Located 500 Kms off the west coast of Africa, Cabo Verde is a 10 islands archipelago nine of which are inhabited. The population is about 483,628 (2021 Census). Only 10% of its territory is classified as arable land and mineral resources are limited.
The fragmentation of its territory creates significant connectivity issues, as well as challenges for service delivery, including energy, water, education, and health.
Cabo Verde has witnessed significant economic progress since 1990, driven in large part by the rapid development of tourism (20% of GDP), coupled with considerable social development due to strong social policies since the 1970s.
Cabo Verde is considered an example of democracy in Africa, much for its political stability. Electoral processes have taken place without disturbances, held regularly, with peaceful alternation of power between the two major parties. The African Party for the Independence of Cabo Verde (PAICV), responsible for colonial liberation, of leftist ideology, governed for two 15 years periods; the Movement for Democracy (MpD), a liberal and right-wing party, governed for two terms in the 1990s, returned to power in 2016, and is currently the political force that supports the government. The Independent and Democratic Cabo Verdean Union (UCID) represents the third political force in the country.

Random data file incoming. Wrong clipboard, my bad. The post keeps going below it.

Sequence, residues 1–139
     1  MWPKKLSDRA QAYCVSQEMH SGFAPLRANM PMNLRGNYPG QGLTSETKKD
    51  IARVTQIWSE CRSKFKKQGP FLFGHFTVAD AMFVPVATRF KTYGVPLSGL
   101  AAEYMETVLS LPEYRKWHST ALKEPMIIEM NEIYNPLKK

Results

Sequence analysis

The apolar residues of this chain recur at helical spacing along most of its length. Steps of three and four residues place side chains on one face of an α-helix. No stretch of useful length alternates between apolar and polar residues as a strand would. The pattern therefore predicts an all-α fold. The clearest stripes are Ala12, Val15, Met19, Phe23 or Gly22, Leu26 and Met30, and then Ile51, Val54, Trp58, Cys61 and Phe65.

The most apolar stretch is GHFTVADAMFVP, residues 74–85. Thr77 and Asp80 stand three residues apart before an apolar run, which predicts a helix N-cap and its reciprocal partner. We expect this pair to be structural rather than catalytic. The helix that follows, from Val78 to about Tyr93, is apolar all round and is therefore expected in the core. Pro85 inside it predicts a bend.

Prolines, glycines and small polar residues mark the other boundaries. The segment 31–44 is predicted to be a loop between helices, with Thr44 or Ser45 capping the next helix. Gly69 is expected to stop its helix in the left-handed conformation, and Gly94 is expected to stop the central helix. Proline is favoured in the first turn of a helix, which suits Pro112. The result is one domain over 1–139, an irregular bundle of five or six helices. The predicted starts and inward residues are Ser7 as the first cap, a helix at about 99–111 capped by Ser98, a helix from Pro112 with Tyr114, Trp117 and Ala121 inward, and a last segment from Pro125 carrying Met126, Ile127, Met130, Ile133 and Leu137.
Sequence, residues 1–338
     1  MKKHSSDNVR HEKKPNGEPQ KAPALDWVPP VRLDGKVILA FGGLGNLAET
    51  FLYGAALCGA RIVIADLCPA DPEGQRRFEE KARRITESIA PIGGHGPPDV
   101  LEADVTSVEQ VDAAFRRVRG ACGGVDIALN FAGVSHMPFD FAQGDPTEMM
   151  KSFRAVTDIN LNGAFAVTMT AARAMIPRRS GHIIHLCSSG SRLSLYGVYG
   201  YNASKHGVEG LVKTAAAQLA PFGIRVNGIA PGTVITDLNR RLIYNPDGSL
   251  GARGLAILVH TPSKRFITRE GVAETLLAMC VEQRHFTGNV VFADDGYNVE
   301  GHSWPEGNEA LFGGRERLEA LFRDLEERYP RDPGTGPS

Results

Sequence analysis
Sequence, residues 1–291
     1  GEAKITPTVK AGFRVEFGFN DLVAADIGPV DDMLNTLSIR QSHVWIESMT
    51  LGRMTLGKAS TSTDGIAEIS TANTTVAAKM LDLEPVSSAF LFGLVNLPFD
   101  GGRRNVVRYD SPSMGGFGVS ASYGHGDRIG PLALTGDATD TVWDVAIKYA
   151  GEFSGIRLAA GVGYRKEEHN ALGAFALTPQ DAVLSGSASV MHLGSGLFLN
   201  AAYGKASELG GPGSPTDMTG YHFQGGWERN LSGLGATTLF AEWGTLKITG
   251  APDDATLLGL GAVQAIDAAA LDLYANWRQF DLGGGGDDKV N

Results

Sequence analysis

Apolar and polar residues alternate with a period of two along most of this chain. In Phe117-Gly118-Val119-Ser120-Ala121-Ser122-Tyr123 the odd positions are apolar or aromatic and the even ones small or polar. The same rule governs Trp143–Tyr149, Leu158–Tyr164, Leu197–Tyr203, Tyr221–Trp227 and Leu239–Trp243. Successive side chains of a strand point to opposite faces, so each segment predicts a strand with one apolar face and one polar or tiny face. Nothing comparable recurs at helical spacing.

Legislative elections, held on April 18, 2021, re-elected MpD with an absolute majority. Presidential elections are scheduled for October 18, 2021 with eight candidates running for office to replace President Jorge Carlos Fonseca (since 2011).
DPrior to the COVID-19 pandemic, Cabo Verde experienced robust economic growth driven by a thriving tourism sector and strong structural reforms. Between 2016 and 2019, growth averaged 4.7 % (3.4 in per capita terms) supported by favorable global conditions coupled with strong structural reforms, mainly around the SOE sector. On the demand side it was driven by net exports and private investment and consumption. On the supply side growth was driven by tourism activities and growth in domestic non-tradable services. The privatization efforts of the government helped support investor and consumer confidence. The sustained and robust economic growth led to a decline in poverty from 24.5 % in 2015 to 11.5 % in 2019.
Driven by the shutdown in the tourism sector, GDP contracted by 14.8 % in 2020 (15.7 % in per-capita terms) – one of the largest reductions in Africa. The country relies heavily on tourism, which represents 25 % of GDP and drives around 40 % of overall economic activity. Overall, the services sector contracted by 19 % while industrial output declined by 2 %. Hospitality and restaurants contracted by 71 % whereas transport and communication fell by 33 %. The crisis reversed the progress in poverty reduction achieved since 2015.
The overall deficit (including grants) increased from 1.8 % in 2019 to 8.9 % in 2020, driven mainly by the impact of the crisis on fiscal revenue. Consequently, fiscal financing needs for 2020 increased substantially, opening a large fiscal financing gap, which was filled mainly by concessional borrowing and grants from Development Partners.
Last Updated: Oct 12, 2021